Polymyalgia Rheumatica and Giant Cell Arteritis (cont.)
IN THIS ARTICLE
Exams and Tests
To diagnose polymyalgia rheumatica (PMR) and giant cell arteritis (GCA), your doctor will do a physical exam. He or she will ask you about your past health and symptoms. Because the two conditions often occur together, it is important that your doctor determine which one is causing your symptoms. Giant cell arteritis can be serious and needs immediate treatment with higher doses of medicine than polymyalgia rheumatica does.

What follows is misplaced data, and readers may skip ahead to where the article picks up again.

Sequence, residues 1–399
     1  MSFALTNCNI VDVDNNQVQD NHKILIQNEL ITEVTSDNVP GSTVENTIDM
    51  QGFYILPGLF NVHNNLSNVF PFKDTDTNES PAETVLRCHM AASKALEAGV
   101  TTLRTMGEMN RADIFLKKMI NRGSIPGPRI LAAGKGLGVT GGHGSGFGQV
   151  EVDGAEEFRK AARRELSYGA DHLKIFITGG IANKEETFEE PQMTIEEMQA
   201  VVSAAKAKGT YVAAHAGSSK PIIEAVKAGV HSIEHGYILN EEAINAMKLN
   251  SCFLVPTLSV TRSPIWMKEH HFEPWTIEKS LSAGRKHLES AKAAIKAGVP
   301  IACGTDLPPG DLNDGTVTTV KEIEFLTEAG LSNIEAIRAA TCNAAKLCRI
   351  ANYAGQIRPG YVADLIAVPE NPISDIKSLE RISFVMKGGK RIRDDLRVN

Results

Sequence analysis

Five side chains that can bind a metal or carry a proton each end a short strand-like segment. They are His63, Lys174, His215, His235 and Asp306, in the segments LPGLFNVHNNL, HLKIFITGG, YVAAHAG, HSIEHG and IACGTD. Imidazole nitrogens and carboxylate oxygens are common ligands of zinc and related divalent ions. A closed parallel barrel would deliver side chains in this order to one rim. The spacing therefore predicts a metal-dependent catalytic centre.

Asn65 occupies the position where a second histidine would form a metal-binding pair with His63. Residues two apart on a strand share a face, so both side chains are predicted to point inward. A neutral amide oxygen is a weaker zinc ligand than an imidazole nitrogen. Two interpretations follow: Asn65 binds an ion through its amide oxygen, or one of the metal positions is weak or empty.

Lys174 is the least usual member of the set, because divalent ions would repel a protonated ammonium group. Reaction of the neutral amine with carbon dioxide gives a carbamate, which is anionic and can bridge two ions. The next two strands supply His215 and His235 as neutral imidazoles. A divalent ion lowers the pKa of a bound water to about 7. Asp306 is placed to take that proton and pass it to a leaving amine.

Age is an important factor in making the diagnosis, because these conditions rarely occur in people younger than 50. A limited range of motion in the arms may be a sign of polymyalgia rheumatica. And arteries on the temple or forehead that are swollen, lumpy feeling, or tender may be a sign of giant cell arteritis.
Tests that can help diagnose polymyalgia rheumatica and giant cell arteritis include:
Your doctor may confirm a diagnosis of polymyalgia rheumatica with a trial of corticosteroid medicine. If you have polymyalgia rheumatica, you are very likely to have great relief of symptoms within 2 to 4 days of starting treatment.
Tests that may be done to be sure another condition is not causing your symptoms include:
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